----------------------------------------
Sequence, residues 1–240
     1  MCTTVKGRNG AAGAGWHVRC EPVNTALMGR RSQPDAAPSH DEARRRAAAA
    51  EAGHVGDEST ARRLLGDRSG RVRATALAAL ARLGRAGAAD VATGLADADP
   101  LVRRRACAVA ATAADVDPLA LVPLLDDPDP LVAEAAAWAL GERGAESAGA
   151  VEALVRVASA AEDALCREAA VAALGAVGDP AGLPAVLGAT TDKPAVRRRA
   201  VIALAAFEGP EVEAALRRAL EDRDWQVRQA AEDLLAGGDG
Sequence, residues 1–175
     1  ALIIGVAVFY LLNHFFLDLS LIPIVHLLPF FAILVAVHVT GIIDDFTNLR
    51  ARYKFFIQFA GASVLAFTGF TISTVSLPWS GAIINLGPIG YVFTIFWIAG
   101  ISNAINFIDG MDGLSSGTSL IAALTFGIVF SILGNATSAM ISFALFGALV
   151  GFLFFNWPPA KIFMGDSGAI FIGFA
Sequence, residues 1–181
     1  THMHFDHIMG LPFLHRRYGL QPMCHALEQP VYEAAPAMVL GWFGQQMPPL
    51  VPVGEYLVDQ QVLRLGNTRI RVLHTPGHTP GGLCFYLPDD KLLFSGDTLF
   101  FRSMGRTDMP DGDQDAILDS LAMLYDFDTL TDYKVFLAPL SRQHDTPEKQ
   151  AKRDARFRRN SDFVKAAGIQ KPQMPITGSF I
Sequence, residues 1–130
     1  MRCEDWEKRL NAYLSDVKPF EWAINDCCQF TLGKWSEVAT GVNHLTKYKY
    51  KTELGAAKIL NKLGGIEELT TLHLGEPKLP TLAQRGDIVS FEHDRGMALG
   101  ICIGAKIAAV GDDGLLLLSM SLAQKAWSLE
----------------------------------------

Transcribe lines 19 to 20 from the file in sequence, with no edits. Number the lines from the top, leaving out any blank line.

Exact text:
    51  KTELGAAKIL NKLGGIEELT TLHLGEPKLP TLAQRGDIVS FEHDRGMALG
   101  ICIGAKIAAV GDDGLLLLSM SLAQKAWSLE